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Commercial air service to the Charleston area started in 1930 at Wertz Field in nearby Institute. This location was deemed inadequate for the current aircraft by the late 1930s, and the search for a new location began. Coonskin Ridge, north of Charleston, was selected in 1940, but the project was delayed by World War II. Meanwhile, Wertz Field closed in 1942 for construction of a synthetic rubber plant.

With $3,000,000 in funds, construction began in October 1944 on Kanawha (now Yeager) Airport. Seven-hundred-sixty acres of land was acquired, 365 of which made up the airport proper. The leveling of three mountaintops required 2,000,000 pounds of explosives to help displace 9,000,000 cubic yards of earth and rock. Two hundred pieces of heavy equipment were used to grade the site, and a rail siding at the base of the mountain was used to shuttle in tank cars of diesel fuel. A pipeline was run to the top of the mountain to supply the 2,500 gallons of fuel used each day during construction.

Kanawha Airport was dedicated November 3, 1947, with World War I ace Capt. Eddie Rickenbacker among those present. The terminal building was finished in July 1950, and an addition was added in 1970. The runway extension to accommodate jet airliners began in 1968 and was completed December 8, 1971. The baggage claim addition was built in 1974 and major renovations to the complex took place in 1982, 1997, 2001, and 2005. Kanawha Airport was renamed Yeager Airport in honor of Brig. Gen. Chuck Yeager, a Lincoln County native, on October 14, 1985.

Kanawha Airport was home for the 167th Fighter Squadron from 1947 to 1955, when it moved to Martinsburg. The 130th Troop Carrier Squadron (now the 130th Airlift Squadron) formed in 1955, replacing the 167th at Charleston. Both were units at West Virginia Air National Guard.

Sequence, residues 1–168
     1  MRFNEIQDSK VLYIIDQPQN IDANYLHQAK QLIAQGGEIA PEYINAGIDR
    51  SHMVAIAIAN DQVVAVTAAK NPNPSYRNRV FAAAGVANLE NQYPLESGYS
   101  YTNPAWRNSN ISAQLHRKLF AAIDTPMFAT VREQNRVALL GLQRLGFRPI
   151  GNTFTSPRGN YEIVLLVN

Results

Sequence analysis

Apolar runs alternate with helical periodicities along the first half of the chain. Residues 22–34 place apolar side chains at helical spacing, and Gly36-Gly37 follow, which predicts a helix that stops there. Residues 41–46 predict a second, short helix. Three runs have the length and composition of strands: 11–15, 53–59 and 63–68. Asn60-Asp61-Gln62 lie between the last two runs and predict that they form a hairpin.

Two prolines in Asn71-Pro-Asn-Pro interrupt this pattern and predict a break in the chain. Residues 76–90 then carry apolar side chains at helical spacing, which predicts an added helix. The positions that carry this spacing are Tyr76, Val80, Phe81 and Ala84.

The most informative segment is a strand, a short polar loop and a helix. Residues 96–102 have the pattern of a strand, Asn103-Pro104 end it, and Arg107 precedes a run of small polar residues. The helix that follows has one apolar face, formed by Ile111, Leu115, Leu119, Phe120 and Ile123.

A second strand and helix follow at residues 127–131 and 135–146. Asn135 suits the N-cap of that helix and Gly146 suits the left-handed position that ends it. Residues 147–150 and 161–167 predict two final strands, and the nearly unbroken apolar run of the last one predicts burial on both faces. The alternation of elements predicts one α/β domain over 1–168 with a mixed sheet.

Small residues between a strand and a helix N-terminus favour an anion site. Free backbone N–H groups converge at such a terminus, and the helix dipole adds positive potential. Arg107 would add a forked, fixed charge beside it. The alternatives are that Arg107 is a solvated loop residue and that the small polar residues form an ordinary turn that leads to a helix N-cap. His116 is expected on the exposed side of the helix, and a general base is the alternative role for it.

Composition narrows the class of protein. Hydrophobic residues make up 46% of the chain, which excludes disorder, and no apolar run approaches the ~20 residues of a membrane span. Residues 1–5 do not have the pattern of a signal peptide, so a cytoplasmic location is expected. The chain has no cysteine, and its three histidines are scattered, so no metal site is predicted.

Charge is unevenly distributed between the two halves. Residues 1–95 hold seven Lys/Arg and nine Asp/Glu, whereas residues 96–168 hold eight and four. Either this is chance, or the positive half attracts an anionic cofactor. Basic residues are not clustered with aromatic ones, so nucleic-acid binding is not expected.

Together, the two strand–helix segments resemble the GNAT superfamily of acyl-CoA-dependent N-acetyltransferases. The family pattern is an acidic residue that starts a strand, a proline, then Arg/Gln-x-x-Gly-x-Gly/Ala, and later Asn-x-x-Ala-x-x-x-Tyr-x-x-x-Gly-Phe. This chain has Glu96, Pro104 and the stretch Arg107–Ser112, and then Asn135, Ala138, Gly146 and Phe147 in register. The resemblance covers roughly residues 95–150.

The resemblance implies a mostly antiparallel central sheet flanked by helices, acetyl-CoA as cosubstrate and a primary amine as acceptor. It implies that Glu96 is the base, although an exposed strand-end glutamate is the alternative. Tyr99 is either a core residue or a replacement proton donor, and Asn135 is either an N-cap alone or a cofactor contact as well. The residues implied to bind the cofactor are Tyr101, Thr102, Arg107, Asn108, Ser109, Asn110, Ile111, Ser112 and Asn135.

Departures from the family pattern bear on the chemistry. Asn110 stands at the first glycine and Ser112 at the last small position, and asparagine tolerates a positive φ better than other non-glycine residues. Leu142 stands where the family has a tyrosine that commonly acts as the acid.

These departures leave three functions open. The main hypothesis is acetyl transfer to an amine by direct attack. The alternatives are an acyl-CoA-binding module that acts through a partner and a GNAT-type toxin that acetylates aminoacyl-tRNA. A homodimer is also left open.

The terminal, expanded in 2001 and 2005 to provide additional boarding gates and passenger seating areas, was named for U.S. Sen. Jay Rockefeller in 2003. The main lobby was remodeled to provide for a larger security presence. In 2010, a protective canopy was installed across the front of the terminal, and a $20 million project to expand two runways and relocate a taxi area was completed.

In order to comply with modern FAA safety standards, Yeager Airport began constructing a 500-foot extension to Runway 5 in 2005. A reinforced earth slope, the highest in the United States at the time, was completed in spring 2007. On March 12, 2015, the slope failed, sending earth and rock across a residential area on Keystone Drive and into the creek beyond. Residents were evacuated, a church was destroyed and several homes damaged, and the road was closed until February 2017, after 550,000 cubic yards of debris had been cleared.

On May 5, 2017, a cargo plane made a hard landing and skidded off into a steep, wooded hillside. Both the pilot and copilot were killed.

In 2017, American, Delta and United were the major airlines serving the airport with daily flights. Service was also offered by Spirit Airlines.

On January 1, 2022, the airport became West Virginia International Yeager Airport. While there are no international commercial flights out of Yeager, there are international corporate and cargo flights, and Yeager is the state’s only U.S. Customs and Border Protection port of entry.

This Article was written by Jack H. Smith

Last Revised on September 11, 2023

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Cite This Article

Smith, Jack H. "Yeager Airport." e-WV: The West Virginia Encyclopedia. 11 September 2023. Web. 20 July 2024.


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